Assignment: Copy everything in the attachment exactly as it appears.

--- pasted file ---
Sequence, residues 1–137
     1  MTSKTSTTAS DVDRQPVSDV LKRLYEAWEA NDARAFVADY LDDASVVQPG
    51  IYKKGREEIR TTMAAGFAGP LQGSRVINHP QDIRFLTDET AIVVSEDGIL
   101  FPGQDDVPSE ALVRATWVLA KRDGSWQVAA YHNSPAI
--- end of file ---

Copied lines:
Sequence, residues 1–137
     1  MTSKTSTTAS DVDRQPVSDV LKRLYEAWEA NDARAFVADY LDDASVVQPG
    51  IYKKGREEIR TTMAAGFAGP LQGSRVINHP QDIRFLTDET AIVVSEDGIL
   101  FPGQDDVPSE ALVRATWVLA KRDGSWQVAA YHNSPAI